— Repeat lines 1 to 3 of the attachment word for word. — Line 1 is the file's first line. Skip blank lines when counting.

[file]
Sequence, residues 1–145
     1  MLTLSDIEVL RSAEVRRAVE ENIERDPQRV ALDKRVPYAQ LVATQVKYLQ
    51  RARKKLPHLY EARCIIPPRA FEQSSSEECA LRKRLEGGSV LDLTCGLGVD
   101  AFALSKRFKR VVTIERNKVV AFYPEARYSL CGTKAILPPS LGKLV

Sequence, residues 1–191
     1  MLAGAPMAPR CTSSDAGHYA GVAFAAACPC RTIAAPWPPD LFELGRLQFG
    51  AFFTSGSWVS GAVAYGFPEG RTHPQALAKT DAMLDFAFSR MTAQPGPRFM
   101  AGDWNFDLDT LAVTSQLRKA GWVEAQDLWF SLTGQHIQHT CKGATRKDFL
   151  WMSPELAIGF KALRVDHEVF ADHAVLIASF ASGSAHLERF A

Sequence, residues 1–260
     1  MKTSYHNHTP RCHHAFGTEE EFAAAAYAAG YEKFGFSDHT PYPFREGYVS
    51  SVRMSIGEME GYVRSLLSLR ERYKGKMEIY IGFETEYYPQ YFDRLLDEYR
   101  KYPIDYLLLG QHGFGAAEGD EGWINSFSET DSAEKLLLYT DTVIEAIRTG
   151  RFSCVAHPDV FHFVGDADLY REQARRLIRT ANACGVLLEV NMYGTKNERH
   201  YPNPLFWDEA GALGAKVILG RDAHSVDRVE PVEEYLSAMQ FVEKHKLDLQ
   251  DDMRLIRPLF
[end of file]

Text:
Sequence, residues 1–145
     1  MLTLSDIEVL RSAEVRRAVE ENIERDPQRV ALDKRVPYAQ LVATQVKYLQ
    51  RARKKLPHLY EARCIIPPRA FEQSSSEECA LRKRLEGGSV LDLTCGLGVD